Augusta Strömberg (1866–1955) wanted to become a portrait painter and opened a photography studio in Uppsala, but wasn’t able to make a profitable from it. She felt persecuted and opposed, and along with religious visions, she was admitted to Ulleråkers Hospital where she was diagnosed with dementia praecox (schizophrenia) and came to spend her last 55 years in a mental hospital. During these years, Augusta Strömberg continued to paint, many self-portraits and portraits of staff and fellow patients.
Yemisi Wilson has carefully studied the idiom in Augusta Strömberg’s paintings and the only photograph of Augusta that the artist has come across. She lets her sculptures grow, from the inside out, as if she finds the motif in the inner volume rather than in layers and surfaces. The end result is a Janus face in marble that looks out over the park and into the building. The sculpture includes a portrait based on the photograph and an Augusta Strömberg made with an idiom taken from her painting. One side is easy-going and carefree, while the other is introverted and brooding, but straight-laced. Beyond the tactile, there is something intimate in Wilson’s Augusta sculpture, in the double nature, the calm, the overconfidence—the proximity to something bigger.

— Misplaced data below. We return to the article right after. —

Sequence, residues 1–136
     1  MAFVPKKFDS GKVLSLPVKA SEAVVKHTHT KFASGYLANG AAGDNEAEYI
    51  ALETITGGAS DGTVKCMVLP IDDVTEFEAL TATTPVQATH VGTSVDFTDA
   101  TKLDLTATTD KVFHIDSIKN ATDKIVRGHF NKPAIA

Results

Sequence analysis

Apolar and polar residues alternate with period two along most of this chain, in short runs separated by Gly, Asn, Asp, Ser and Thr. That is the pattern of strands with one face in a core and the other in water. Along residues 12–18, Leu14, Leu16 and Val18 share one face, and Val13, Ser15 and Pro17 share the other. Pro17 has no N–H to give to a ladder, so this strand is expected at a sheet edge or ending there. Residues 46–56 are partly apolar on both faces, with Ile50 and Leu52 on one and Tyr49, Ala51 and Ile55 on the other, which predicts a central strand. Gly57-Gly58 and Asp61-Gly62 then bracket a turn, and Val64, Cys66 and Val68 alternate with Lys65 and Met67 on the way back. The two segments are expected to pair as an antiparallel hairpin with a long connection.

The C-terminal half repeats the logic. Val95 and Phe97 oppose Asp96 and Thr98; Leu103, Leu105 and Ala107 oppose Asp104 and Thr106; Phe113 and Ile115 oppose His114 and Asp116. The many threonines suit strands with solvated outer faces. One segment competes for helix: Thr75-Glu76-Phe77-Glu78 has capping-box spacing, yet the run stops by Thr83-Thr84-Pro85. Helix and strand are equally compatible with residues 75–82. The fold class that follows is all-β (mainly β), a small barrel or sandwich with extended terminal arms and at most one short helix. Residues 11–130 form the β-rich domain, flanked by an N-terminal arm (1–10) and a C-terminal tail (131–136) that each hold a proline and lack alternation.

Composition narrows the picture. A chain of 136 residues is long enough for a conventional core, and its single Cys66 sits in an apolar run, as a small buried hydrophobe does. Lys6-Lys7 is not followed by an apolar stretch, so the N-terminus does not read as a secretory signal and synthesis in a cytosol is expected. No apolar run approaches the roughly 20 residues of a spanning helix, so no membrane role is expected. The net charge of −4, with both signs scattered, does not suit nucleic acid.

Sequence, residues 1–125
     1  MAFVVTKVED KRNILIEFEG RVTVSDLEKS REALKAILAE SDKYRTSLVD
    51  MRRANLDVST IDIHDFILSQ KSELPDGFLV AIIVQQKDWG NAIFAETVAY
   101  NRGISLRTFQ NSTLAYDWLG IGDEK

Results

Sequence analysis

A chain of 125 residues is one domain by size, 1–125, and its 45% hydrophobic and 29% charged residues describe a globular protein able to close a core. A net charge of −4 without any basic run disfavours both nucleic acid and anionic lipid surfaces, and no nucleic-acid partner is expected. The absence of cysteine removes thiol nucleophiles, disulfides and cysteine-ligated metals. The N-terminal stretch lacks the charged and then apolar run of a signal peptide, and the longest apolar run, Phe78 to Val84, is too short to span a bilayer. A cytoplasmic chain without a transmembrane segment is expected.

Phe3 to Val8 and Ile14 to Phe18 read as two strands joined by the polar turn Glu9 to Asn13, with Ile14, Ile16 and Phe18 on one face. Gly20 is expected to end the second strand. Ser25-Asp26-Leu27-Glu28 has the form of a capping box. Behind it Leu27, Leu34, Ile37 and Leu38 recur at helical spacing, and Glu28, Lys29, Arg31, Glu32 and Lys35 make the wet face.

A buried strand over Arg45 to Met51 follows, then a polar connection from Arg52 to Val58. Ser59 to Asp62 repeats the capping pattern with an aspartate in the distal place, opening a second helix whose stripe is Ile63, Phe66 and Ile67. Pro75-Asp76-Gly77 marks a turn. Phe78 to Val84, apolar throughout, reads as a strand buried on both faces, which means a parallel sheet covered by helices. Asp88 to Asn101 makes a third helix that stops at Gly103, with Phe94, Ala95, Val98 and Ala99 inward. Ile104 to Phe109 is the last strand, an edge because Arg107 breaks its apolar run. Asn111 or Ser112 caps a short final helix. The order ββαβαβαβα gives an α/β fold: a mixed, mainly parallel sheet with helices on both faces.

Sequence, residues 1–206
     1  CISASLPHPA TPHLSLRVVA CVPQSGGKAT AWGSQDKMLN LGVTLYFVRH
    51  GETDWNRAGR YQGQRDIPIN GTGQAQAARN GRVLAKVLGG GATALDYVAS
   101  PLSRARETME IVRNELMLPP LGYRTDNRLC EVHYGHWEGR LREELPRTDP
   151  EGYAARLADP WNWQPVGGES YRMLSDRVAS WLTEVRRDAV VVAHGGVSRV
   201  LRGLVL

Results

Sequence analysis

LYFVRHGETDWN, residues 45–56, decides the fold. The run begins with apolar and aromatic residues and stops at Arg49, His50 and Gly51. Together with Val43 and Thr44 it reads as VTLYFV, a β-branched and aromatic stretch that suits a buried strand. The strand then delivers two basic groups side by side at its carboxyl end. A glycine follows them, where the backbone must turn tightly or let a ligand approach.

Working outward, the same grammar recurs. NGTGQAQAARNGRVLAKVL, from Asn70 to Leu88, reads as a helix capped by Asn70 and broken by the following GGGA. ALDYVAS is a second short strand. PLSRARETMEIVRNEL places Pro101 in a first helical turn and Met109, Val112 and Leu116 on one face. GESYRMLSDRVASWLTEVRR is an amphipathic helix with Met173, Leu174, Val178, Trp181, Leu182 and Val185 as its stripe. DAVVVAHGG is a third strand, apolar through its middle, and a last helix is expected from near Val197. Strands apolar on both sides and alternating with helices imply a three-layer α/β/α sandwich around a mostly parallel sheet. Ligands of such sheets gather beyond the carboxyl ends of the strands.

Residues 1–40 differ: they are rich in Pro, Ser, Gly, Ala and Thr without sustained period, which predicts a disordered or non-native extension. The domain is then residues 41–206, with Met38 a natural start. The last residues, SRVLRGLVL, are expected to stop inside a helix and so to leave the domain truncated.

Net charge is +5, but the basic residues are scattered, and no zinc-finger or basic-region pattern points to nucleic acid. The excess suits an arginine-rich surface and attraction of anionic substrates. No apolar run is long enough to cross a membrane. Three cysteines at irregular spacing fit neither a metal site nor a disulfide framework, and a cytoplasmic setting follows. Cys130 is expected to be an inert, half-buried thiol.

Text by Martina MacQueen, Art Consultant and Art Curator.